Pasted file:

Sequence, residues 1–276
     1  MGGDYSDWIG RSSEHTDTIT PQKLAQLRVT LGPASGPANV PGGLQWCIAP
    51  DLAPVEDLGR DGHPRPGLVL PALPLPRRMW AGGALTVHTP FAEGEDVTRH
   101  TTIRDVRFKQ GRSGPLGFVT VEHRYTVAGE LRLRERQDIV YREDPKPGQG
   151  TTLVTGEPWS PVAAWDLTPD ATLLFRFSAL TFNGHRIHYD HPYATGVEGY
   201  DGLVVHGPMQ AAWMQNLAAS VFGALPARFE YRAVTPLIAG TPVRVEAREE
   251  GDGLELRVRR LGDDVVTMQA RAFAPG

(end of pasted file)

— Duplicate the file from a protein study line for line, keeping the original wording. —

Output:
Sequence, residues 1–276
     1  MGGDYSDWIG RSSEHTDTIT PQKLAQLRVT LGPASGPANV PGGLQWCIAP
    51  DLAPVEDLGR DGHPRPGLVL PALPLPRRMW AGGALTVHTP FAEGEDVTRH
   101  TTIRDVRFKQ GRSGPLGFVT VEHRYTVAGE LRLRERQDIV YREDPKPGQG
   151  TTLVTGEPWS PVAAWDLTPD ATLLFRFSAL TFNGHRIHYD HPYATGVEGY
   201  DGLVVHGPMQ AAWMQNLAAS VFGALPARFE YRAVTPLIAG TPVRVEAREE
   251  GDGLELRVRR LGDDVVTMQA RAFAPG